Although I've done some Bus Rapid Transit planning, my Canadian colleague Steve Schijns has been doing it for decades, including important work in both Ottawa and Brisbane. He's also up to date on a lot of the BRT happening around Toronto. In response to my previous post, he sent along these thoughts, which I thought I'd share verbatim:
I would note that the "dedicated facility" type of BRT project is relatively rare - not that it should be, but in many cases agencies are trying to enhance bus operations without either the demand, the money, or the planned corridor to create a busway. Even when the opportunity arises as in Brisbane it is common for there to be a segment of on-street operation.
Therefore I wouldn't discount on-street BRT facilities as being "low end" and nearly irrelevant; in fact those are the types of facilities that really need the help, intense planning, and visioning to overcome their inherent flaws and constraints. How to make on-street BRT work as well as off-street lines is the real challenge out there.
[JW: Steve's on-street/off-street distinction is almost the same as my distinction between exclusive (e.g. Orange Line) vs. non-exclusive (e.g. Metro Rapid), but not exactly. It's possible for an on-street BRT to be in an exclusive right-of-way if you can take that much of the street. But it's certainly challenging for the reasons Steve's discussing.]
In my experience (Brisbane, Ottawa, Pittsburgh, Mississauga), off-street busways have been created by a dedicated PT [public transit] team and are fairly straightforward in that respect; you can create BRT design guidelines from scratch and apply them to a new facility. On-street BRT facilities, on the other hand, are typically put together by an uneasy and conflicted group of road / highway engineers who are responsible for the roadway and who don't "get" the transit imperatives, yet are unwilling / unable to hand the corridor over to the transit folks to let them lead the design because they might mess up the (car) traffic operations too much. The streetscaping / urban design folks also seem to get more excited about (and hence interfere with) an on-street project than one in a separate corridor. Since on-street BRT is therefore harder work with a poorer outcome than off-street, no wonder the professional preference is to pursue off-street facilities even when there is greater value to be had in optimizing the utilization of scarce infrastructure through on-street transit measures.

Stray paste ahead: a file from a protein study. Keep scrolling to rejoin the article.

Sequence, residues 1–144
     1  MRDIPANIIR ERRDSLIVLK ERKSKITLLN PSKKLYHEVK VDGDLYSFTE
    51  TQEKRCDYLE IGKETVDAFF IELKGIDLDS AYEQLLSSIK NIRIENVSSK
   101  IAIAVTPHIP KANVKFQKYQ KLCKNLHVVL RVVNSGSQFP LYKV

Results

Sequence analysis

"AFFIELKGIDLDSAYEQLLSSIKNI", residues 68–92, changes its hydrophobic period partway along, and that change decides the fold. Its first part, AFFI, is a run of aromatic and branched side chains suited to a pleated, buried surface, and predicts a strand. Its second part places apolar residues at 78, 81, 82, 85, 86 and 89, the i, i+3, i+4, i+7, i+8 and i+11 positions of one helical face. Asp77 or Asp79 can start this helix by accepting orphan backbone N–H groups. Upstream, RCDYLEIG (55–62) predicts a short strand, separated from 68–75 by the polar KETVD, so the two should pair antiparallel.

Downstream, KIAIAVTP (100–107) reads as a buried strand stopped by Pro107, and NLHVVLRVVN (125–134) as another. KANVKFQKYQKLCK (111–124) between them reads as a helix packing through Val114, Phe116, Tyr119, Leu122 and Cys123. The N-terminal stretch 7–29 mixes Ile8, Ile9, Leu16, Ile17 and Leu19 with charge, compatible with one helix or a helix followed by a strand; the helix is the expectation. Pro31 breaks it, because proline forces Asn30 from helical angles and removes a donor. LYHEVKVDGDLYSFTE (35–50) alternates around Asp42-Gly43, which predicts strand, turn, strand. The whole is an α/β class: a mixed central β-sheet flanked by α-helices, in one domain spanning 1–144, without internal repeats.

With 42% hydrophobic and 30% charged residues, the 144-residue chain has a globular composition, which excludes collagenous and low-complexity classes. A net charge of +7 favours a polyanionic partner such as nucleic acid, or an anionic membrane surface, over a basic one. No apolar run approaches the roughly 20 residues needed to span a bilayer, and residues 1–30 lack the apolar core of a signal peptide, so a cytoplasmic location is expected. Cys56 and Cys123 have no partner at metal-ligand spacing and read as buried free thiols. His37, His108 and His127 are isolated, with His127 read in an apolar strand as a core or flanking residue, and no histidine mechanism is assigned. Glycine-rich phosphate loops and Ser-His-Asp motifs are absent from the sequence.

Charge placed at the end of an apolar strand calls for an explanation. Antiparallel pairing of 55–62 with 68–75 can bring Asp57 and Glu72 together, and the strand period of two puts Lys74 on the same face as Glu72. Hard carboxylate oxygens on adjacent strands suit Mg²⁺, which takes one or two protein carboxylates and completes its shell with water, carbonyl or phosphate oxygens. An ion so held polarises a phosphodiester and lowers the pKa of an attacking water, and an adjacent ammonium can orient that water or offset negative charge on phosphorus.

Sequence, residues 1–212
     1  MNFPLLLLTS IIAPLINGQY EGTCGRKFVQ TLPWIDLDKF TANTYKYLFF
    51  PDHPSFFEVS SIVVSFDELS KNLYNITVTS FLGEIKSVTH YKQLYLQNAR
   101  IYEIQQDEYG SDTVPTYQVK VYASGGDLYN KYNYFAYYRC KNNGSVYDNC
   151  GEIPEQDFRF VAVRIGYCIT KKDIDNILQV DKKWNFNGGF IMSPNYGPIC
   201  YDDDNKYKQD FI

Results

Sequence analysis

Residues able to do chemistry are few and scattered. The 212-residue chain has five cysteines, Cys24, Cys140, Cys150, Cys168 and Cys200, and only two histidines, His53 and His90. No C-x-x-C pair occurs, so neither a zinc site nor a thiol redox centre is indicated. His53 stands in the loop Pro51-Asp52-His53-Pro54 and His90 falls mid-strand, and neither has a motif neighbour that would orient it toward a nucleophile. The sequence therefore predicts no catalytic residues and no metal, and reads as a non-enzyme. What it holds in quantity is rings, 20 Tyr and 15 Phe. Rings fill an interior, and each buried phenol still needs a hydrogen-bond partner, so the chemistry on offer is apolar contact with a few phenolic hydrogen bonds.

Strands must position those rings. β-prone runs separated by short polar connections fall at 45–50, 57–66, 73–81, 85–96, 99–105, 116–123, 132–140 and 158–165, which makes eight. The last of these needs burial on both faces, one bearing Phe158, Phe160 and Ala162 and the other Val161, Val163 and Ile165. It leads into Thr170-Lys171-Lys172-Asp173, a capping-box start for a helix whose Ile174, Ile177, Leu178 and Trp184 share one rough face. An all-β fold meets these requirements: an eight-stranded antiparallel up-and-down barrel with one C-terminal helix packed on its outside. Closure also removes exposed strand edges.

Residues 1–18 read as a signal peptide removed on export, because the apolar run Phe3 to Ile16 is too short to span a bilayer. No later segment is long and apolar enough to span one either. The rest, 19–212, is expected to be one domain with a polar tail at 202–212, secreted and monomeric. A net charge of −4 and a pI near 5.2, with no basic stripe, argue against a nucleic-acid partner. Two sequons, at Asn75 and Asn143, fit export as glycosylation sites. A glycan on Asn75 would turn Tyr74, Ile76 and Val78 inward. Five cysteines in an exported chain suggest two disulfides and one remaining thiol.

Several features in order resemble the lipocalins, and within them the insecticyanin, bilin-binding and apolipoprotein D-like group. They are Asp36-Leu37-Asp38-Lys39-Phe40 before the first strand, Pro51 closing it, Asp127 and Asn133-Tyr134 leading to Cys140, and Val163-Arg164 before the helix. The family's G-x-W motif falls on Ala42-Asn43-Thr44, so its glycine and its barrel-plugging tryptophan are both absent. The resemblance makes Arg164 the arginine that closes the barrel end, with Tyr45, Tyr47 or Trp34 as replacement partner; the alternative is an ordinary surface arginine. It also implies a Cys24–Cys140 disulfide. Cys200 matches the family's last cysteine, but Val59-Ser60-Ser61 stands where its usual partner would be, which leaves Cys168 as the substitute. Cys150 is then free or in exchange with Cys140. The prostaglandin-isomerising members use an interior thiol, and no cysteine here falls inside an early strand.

If you wish your BRT were a train, I have no quarrel with that, but please keep in mind that even imperfect, compromised on-street BRT is the result of a lot of diligent work by professionals who are in the business because they really want transit to work. Like any great process of cultural change, transit must advance on a broad front: Some people work on the expensive, high-stakes projects like subways, others on surface rail, others on many kinds of improvement that can be done with buses.
For the reasons Steve describes, the bus planner's work is often the hardest, because he has to work in a territory -- the street -- that car advocates, merchants, and streetscape experts all think they own. He's often made to feel like an invader when he tries to demand space for transit, just as bike advocates often are. He has to fight long battles over every signal, every bit of exclusive lane, every parking space, all to piece something together that will make a real difference to a lot of people's mobility. And it doesn't help that a big chunk of the transit advocacy world just doesn't care about what he's doing.
Even imperfect, compromised bus services like the Metro Rapid in Los Angeles do tremendous good compared to what was there before, and large chunks of the population really appreciate them. It's inevitable that there are rivalries between rail and bus advocates, who are working on different parts of this broad front of cultural change. But perhaps we should aspire for a rivalry more like that between the Army and the Navy: spirited competition for prestige and resources, but all in the knowledge that they're fighting the same battle.